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Rewards and Consequences: Why Don't They Work for My Child?

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Throughout my years of working with children, one of the most common questions parents ask me is, “Why don’t rewards and consequences work for my child?”

This is a fair question. Many of the parenting books you can read, television shows you tune in to, teachers you talk to, family members you confide in, will first and foremost recommend using rewards and consequences to assist in eliminating or increasing a behavior. All of the sources this advice comes from are well meaning, and for some children, rewards and consequences really do work. Some children thrive when they are able to see tangible proof of their progress (like a sticker chart) and consistent reminders help to increase desirable, appropriate behaviors. Using a reward system, or consequences, to try to teach a child what behaviors will be permitted and which will not is not a bad idea — it’s just not always the best idea, depending on your child’s personality, sensitivity levels, and perception of the world.

Children are born with innate and distinct personalities, and while the nature versus nurture debate is still alive and well in the field of psychology, I have personally found that nurturing a child’s nature makes the most successful combination. It’s not about envisioning a difficult life for your naturally sensitive child, or about blame for where you feel you may have gone wrong (if I had just interrupted this behavior sooner, if my child just didn’t inherit my stubborn streak…), but taking what you know about your child and working with it.

So, why don’t consequences and rewards work for some children? The answer is both complex and simple. As mentioned earlier, for some, it is just not in their nature to want to pursue a material goal. Your child might enjoy time and experiences rather than tangible items.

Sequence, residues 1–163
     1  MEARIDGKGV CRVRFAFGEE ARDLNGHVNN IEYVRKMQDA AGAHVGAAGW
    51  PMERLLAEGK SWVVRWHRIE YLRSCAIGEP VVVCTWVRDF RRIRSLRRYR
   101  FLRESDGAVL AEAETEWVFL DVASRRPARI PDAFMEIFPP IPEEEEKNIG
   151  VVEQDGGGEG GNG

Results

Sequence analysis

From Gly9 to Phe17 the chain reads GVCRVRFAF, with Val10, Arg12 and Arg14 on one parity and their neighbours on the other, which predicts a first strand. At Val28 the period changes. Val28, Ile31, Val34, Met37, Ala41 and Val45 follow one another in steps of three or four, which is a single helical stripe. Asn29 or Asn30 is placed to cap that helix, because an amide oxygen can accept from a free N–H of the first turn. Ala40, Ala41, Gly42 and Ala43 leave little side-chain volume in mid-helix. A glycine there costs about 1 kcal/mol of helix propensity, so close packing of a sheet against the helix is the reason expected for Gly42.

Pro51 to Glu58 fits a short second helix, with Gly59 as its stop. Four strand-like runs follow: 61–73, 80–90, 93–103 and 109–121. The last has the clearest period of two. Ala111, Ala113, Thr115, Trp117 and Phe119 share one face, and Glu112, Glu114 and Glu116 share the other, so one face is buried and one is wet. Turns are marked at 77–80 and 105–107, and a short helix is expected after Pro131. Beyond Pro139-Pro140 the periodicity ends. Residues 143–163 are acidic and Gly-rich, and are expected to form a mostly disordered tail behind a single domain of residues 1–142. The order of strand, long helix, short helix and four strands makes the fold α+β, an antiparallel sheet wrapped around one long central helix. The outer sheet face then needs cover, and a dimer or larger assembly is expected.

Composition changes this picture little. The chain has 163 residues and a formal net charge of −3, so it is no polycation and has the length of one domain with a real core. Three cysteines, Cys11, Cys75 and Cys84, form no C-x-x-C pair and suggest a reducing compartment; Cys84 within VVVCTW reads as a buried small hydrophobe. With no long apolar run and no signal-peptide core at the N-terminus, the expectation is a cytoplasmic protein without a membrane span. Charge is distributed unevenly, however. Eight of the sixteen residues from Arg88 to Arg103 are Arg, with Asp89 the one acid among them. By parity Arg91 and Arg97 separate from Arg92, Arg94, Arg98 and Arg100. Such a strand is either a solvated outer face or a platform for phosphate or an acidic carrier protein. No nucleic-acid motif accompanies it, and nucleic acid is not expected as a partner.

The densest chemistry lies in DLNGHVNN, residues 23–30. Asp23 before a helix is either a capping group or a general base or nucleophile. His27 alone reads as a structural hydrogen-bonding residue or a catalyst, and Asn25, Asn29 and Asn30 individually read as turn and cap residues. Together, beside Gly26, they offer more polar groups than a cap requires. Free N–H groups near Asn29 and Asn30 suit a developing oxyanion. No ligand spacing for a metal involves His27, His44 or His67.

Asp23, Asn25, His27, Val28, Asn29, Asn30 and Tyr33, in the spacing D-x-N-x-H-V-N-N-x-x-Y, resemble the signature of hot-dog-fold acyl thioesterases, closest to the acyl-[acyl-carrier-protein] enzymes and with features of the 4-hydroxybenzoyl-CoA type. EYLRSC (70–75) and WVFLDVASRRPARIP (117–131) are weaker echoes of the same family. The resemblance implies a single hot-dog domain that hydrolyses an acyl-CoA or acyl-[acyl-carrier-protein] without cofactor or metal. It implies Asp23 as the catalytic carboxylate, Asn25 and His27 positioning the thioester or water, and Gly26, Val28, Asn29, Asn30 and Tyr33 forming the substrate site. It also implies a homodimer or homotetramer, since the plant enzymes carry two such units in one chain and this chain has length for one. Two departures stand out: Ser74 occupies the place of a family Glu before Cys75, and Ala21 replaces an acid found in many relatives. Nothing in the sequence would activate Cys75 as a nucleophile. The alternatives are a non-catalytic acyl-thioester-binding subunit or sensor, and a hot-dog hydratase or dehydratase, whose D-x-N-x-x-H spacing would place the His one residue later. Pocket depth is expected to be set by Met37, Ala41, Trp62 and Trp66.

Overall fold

Or, your child may be hurting, and you just don’t know it. I have found that hurting children — those who are bullied in school, have experienced a life change (a recent move, a divorce, a new sibling being born) or a loss (death of a loved one or pet, losing a friendship) have difficulty molding and changing their behaviors based on rewards and consequences because they don’t believe they deserve the rewards. A child might not always be able to express that — in fact, many won’t be able to, because they are unaware of it and because it is such a deep rooted feeling in their subconscious, they simply do not have access to it. All a child will know is that a reward does not sound appealing to them, and a consequence they will just take while shrugging their shoulders.

Have you had this experience? Have you tried to tell your child you will buy them a new video game if they don’t act up in class all week, only to find that they end up acting up within 48 hours, absolutely eliminating the chance for a reward? Have you ever confided in someone that you have “taken everything away” from your child, and it just doesn’t matter, they still “act up?”

These behaviors do not make the child bad, unintelligent, or unwilling to change. Quite the opposite, actually. That’s right, your “difficult” child is actually a good kid who wants to do better, but does not know how. We will cover that in another post, but for today, what do to when your child does not seem phased by rewards and consequences?

Simply, or, not so simply: do not use them in the way you have been using them. Throw away the label of rewards and consequences. Throw away the word “if.” Children who are sensitive, or who are hurting, do not benefit from the word “if” because it sounds like they don’t deserve this reward unless they act the way you want them to. And essentially, this is what you are saying to them. That is not your fault, parents, you are trying your best!

However, children who are hurting do not have enough self esteem or self worth to handle an “if” situation. These children need to know they are loved and worthy no matter what.

How do you do that?  Reach out to a therapist who is trained to work with children to talk about your child’s unique personality, needs, and strengths, and ways you can help your child behave in the most positive way possible — without hours of arguing and without taking everything away from them. Remember, your child wants to do well, they sometimes just don’t know how. This can be changed! There is hope.

Unsplash image via senjuti-kundu

Originally published: June 20, 2018
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